a man in a 19th century orange coat leans back to get a drink poured over his head
Courtesy Music Box Films

Turns out “fake news” was a problem long before a former reality television star rose to political power. In a different kind of rise (but with just as much drama along the way), Lucien (Benjamin Voisin), an aspiring poet, gets tangled in a web of lies, sex, and greed that is the 19th-century Paris journalism industry. This is a world where critics can be paid to trash a good book, where audiences can be paid to applaud (or boo), and where money—not truth—conquers all. Lucien has real talent, but he sees a shortcut to success and takes it, especially after a wealthy, married lover whisks him away from his provincial life to the city, then abandons him when he fails to fit in with the who’s who of Parisian society. We’re warned early on that this is a tragic, cautionary tale, and those familiar with Honoré de Balzac’s original work will know that things won’t end well for Lucien. But the journey is so much fun! Xavier Giannoli’s film is hilarious and always moving with vivid colors and rapid-fire narration that in another movie might feel heavy-handed but here is a guiding force that gives a fascinating quasi-history lesson. At times, the movie can be overwhelming; there are several plotlines and it’s tough to follow them all. But ultimately, it’s a fun ride, and Lost Illusions delivers as a unique and still-relevant period piece. In French with English subtitles. 149 min.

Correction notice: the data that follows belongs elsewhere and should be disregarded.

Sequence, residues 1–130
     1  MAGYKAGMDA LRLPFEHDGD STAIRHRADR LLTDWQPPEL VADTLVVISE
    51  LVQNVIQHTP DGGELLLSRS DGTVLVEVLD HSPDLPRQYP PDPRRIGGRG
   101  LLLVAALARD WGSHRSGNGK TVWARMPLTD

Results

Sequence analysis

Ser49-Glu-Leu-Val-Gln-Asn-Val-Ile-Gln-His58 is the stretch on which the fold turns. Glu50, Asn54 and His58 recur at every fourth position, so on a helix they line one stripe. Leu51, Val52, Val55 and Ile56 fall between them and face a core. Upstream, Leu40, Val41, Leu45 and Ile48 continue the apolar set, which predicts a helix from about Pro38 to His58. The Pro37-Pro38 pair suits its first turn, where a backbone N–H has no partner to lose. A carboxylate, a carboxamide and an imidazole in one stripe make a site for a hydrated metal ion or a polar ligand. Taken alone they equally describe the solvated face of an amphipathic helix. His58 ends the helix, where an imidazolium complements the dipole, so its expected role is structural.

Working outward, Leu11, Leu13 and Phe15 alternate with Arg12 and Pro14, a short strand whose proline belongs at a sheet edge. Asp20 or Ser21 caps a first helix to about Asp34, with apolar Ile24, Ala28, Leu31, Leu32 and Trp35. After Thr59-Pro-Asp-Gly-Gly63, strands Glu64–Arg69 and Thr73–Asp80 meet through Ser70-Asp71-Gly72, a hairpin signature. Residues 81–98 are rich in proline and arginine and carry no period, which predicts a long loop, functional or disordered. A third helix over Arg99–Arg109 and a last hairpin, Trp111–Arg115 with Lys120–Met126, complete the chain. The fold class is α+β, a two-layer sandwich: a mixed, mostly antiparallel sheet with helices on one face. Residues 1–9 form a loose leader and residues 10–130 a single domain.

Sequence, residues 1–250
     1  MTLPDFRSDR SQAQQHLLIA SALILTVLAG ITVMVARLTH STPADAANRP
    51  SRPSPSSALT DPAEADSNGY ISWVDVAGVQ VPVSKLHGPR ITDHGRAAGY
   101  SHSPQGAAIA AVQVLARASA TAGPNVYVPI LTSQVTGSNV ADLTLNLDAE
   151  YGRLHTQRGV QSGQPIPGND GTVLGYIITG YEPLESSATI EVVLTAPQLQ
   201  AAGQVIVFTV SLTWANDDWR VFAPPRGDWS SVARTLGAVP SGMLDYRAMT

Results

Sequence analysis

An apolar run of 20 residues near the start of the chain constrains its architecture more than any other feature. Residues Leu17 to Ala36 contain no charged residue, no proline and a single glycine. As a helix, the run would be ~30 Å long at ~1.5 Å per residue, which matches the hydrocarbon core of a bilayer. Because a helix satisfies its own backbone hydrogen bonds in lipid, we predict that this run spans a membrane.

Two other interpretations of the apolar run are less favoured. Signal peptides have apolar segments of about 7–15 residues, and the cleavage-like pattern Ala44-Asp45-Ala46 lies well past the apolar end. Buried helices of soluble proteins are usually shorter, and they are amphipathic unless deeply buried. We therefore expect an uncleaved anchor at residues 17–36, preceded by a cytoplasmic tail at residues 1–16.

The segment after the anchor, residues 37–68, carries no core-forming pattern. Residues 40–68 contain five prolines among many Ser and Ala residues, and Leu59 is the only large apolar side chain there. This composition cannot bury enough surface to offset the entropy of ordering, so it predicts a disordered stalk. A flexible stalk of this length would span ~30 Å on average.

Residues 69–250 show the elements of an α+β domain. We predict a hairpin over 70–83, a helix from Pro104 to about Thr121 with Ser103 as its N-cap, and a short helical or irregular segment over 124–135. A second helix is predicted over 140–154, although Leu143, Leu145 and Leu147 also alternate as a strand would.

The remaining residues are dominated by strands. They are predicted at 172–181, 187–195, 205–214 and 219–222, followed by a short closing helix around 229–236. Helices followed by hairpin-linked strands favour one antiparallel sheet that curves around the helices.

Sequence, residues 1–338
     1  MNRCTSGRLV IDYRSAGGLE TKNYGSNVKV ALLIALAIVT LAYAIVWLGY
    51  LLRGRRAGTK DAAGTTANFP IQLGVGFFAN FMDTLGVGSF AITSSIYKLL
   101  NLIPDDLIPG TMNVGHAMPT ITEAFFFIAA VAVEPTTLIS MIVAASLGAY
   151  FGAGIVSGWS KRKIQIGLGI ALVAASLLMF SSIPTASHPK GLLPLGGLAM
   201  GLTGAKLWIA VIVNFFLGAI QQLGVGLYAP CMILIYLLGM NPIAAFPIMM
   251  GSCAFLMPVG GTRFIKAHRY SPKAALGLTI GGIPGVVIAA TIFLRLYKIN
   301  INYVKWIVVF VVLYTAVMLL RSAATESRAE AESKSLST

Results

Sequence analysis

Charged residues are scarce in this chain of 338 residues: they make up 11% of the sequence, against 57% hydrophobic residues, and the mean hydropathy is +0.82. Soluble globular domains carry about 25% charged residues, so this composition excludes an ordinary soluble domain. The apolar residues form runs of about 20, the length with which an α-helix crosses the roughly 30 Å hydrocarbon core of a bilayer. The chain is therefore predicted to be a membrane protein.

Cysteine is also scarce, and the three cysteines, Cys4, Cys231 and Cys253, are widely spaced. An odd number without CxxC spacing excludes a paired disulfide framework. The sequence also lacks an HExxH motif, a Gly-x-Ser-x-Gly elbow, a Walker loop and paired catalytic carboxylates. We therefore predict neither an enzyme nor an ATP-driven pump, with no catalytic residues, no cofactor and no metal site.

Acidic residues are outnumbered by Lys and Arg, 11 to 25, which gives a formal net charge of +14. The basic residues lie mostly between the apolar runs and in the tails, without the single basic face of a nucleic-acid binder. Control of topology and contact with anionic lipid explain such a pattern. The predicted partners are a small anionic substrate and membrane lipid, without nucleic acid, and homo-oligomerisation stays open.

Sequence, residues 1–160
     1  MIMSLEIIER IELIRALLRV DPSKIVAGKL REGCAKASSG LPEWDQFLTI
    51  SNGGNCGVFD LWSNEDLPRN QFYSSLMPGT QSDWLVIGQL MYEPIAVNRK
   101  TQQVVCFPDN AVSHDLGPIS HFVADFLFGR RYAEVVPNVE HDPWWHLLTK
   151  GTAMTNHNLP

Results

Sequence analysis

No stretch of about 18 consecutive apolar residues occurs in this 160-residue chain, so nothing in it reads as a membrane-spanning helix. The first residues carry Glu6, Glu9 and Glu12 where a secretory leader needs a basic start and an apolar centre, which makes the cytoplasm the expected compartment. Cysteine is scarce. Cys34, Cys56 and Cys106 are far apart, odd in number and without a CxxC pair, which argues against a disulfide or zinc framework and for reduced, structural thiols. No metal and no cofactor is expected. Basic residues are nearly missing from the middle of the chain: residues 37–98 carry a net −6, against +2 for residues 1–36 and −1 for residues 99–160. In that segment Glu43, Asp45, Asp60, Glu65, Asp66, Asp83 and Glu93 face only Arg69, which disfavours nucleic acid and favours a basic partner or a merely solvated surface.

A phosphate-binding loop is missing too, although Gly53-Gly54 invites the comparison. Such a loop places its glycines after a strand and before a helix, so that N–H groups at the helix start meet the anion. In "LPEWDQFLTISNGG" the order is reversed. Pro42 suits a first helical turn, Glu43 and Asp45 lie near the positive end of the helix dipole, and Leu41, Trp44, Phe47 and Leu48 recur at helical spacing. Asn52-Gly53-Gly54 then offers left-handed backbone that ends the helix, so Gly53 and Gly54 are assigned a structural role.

Gene Siskel Film Center